False leads

As I’ve stated so many times before, I view the Charley Project as a place to share the story of a person’s disappearance: before, during, and after. That includes talking about the false leads that inevitably crop up during an investigation.

The Beverly Potts casefile, for example, details a number of leads that went nowhere, including a woman who wrote a letter that said she’d caught her husband disposing of Beverly’s body and left it in her house. It turned out, as I recall, that her husband was horribly abusive and she thought he would kill her, so she left the letter as a kind of attempt to frame him for child-murder from beyond the grave, assuming he actually did kill her.

As many of you know, there have been exciting new developments in the Jacob Wetterling case, and I dutifully updated his casefile. The details of disappearance includes an aside that Jacob’s father is an adherent of the Baha’i religion, a faith which not many Americans are familiar with, and there were rumors among the locals that Jacob’s dad’s religion had something to do with his son’s abduction.

A person posted a message on the Charley Project’s Facebook account saying they’d never read about Baha’i in relation to Jacob anywhere, and suggesting it be removed.

Well, the thing was, I hadn’t read about it either. The information about Jacob’s father’s religion and the subsequent rumor mill had been added to the casefile by Jennifer Marra back when she was running the MPCCN. So I checked with Newslibrary, a major source of old news articles, and found a St. Paul Pioneer Press article that referenced it. So at least I could confirm the accuracy of the information. (Not that I ever doubted it in the first place; Jenni cared as much about accuracy as I do.)

My question to you guys, though, is: where do we draw the line? At what point does a false lead or ruled-out potential suspect or local rumor become irrelevant, and perhaps even detrimental to the story?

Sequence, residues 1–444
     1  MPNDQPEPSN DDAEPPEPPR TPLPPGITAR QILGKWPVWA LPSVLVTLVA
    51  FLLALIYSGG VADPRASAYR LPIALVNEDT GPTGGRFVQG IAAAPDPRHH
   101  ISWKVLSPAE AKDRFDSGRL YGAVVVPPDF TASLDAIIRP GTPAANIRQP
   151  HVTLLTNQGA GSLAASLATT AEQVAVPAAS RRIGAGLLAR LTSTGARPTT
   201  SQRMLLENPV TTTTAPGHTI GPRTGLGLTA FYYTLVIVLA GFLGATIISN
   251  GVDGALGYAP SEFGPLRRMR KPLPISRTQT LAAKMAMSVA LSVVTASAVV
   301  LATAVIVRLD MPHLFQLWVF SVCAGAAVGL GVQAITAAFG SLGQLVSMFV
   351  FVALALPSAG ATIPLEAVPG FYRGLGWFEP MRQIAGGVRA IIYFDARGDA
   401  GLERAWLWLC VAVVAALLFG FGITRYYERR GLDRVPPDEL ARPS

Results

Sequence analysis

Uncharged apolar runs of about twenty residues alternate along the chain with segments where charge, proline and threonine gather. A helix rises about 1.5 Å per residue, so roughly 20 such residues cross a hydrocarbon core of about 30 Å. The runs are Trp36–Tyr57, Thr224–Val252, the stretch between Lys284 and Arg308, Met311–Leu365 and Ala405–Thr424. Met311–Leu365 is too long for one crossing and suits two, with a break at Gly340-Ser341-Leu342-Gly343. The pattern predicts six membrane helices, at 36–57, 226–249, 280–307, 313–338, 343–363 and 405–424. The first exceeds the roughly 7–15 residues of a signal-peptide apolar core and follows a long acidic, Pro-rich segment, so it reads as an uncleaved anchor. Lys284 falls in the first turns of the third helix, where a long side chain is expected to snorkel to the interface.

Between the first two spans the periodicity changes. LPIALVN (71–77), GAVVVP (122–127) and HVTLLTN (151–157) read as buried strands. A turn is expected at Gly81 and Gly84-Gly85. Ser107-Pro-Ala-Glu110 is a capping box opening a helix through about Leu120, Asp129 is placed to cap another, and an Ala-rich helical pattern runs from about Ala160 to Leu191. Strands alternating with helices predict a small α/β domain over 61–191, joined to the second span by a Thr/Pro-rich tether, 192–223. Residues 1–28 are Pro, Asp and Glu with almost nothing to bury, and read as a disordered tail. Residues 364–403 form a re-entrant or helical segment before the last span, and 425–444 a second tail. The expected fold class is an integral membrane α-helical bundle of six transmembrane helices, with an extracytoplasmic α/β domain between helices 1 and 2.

Honestly, although I haven’t removed the info, I’m not sure I would have put the Baha’i thing into Jacob’s casefile if I myself had written it from scratch. There’s been news lately about Roger Day, an interview with his sister who mentions a “pedophile” who lived nearby and whose home was searched. They found bones that turned out to be not human. Yesterday I updated his case with more info, but didn’t include the bit about the neighborhood pedophile since there seemed to be no evidence, beyond his sister’s speculation, that Roger had any particular interaction with the man.

Where do we draw the line?

6 thoughts on “False leads

  1. libraryjobber November 5, 2015 / 10:54 pm

    There’s a CreateSpace book about Jacob’s disappearance. “It Can’t Happen Here: The Search for Jacob Wetterling.” Robert Dudley wrote it from news articles. I does refer to the Baha’i faith. So does the Dateline episode on Jacob.

    • Meaghan November 6, 2015 / 5:14 pm

      *adds book to her to-read list*

  2. William Baraby November 6, 2015 / 8:44 am

    I just read an article recently about Toni McNatt-Chiapetta disappearance. I’m not sure if you have updated her file recently. Looks like the Step father probably did it and the mother kind of covered it up by not sharing certain info with the police at the time. The mother found her soaking wet shirt hanging in the basement when she came home from work. A lead that almost certainly pointed the police in another direction.

    • Meaghan November 6, 2015 / 5:15 pm

      *finds article, adds bit about the wet shirt to Toni’s casefile*

  3. Sheri November 6, 2015 / 10:15 am

    Obviously, we don’t know if he’s guilty, but the composite sketch of the suspect looks EXACTLY like the person of interest in Jacob’s case, imo.

    • Crystal November 7, 2015 / 3:25 pm

      The POI in Jacob’s case wore a mask, so Jacob’s brother and friend could never describe his face. The composite sketch of a POI you’ve seen is the man who molested another boy several months prior. Do I think the suspect they arrested is the POI in both cases–yes.

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